Three years ago I began my
own “Agony in the Garden.”
It began when my doctor said
the words “multiple sclerosis.”
Since then, I have known fear,
doubt, sadness and sometimes peace.
Three years later I’m still in that garden.
Some days I staunchly pronounce,
“Your will be done.” Others I beg “that
this cup pass without my drinking it.”
Most days I’m somewhere in the middle.
As a lifelong Catholic, I’ve always
been well aware of Jesus’ Agony in the
Garden. I have heard it proclaimed
each year during Holy Week. I have
studied it during 16 years of Catholic
education. But I never really “got” it
until I was there myself.
But I get it now when Jesus wonders
how the disciples can sleep when he’s
being weighed down by such a heavy
burden. And I know what it’s like to
have those surrounding you lash out in
helplessness, denial or anger against
what is oppressing you—just like Peter
and the disciple who struck the high
priest’s servant (Luke 22:50-62).
At some point in our lives we will all
experience our own personal Gethsemane.
It might be an illness, a troubled
relationship, a death, personal problem
or some other difficult situation in
our lives. The key, however, is how we face this struggle. Granted, none of us
will be faced with a situation quite like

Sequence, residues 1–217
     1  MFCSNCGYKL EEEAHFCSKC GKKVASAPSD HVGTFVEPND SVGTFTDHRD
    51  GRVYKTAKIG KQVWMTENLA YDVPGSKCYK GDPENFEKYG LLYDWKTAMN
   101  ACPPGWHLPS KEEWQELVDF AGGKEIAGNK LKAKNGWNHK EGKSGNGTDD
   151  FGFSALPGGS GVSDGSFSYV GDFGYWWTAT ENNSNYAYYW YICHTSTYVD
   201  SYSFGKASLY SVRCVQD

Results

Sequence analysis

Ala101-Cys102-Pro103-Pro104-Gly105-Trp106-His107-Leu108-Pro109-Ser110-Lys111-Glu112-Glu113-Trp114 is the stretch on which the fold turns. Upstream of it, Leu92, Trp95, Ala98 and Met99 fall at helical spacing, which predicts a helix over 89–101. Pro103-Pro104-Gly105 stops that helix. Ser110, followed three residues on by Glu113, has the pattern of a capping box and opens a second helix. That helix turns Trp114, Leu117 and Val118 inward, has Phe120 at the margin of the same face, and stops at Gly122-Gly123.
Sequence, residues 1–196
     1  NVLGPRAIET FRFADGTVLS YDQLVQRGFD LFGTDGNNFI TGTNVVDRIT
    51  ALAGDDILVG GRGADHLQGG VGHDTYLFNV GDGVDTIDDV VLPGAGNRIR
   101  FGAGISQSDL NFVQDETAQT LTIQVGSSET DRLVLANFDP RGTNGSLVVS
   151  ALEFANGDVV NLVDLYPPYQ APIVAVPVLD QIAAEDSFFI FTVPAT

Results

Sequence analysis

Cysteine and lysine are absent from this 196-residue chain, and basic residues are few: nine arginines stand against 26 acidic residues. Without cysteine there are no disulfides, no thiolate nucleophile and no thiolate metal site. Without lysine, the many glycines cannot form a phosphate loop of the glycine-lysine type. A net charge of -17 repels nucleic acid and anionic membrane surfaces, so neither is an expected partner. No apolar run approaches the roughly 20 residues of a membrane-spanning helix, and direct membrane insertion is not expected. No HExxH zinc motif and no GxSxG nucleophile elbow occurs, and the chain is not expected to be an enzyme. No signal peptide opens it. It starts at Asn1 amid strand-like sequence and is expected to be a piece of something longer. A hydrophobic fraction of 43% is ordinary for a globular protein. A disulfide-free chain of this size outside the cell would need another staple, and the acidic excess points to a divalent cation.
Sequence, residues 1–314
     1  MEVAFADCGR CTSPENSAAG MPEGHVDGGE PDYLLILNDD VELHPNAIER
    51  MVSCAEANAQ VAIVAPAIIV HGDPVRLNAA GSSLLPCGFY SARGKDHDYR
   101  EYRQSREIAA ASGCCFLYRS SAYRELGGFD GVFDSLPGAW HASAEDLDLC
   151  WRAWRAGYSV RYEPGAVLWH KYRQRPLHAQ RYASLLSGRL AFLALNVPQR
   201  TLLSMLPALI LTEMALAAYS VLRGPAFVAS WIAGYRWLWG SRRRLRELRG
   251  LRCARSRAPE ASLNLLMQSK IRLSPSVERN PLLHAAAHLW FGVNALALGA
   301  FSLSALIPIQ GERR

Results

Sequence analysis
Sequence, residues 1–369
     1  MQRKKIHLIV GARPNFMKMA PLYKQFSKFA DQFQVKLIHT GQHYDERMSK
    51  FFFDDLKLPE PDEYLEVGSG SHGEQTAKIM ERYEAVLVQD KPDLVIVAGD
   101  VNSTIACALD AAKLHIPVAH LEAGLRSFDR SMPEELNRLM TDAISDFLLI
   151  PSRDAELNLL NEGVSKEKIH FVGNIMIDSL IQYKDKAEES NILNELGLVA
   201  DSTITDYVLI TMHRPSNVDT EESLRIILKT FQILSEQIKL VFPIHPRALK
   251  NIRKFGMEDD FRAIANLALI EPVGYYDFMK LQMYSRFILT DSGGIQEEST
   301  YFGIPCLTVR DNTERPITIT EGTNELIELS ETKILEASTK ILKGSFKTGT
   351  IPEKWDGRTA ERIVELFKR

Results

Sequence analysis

that of Christ. But we can look at his situation
as an example of how to face our
And this means that, just as we do
every Easter season, it is important for
us to look toward the Resurrection and
the hope that it brings. We are, after all,
an Easter people.
Facing Your Own Issues
This month, as we remember Christ’s
crucifixion and rejoice in his resurrection,
make an effort to confront your
own personal Holy Week and find ways
to rejoice in your Easter moments.
Recognize your own Gethsemane
issues. We all have our own agonies in
the garden with which we struggle.
There are those things we encounter
that we would much rather not face.
What are those issues for you? How are
you dealing with them? Do you need
someone’s help to deal with those issues?
Share your story. The thing that
has helped me most is talking to other
people who are going through the same
thing. I have also taken comfort in sharing
Get it out. If you’re struggling with
a particular problem, write down what
that problem is and all the ways you can
face it. Sometimes getting it out and
down on paper can be very therapeutic.
If you’re still having trouble, talk to
someone. It could be a spouse, friend,
sister or brother or your parish priest.
Or ask your doctor to recommend
someone for you to talk with.
Rejoice in the Resurrection. Keep
reminding yourself that, despite the
horror of Christ’s crucifixion, it was followed
by his Resurrection. Keep your
eyes on the prize. Look for the hope in
your own life and situations. And rejoice
in those resurrection moments, be they
a positive medical report, an unexpected
opportunity or a sense of peace and
acceptance of a certain situation.
Stick with it. There’s a reason why
we celebrate Easter every year. It serves
as a constant reminder for us. Therefore,
realize that many struggles are
ongoing. As I said before, three years
later I’m still struggling to come to
peace with my situation.
The key is to have hope. And that
is always possible. Jesus showed us
Next Month: Show Off Your Faith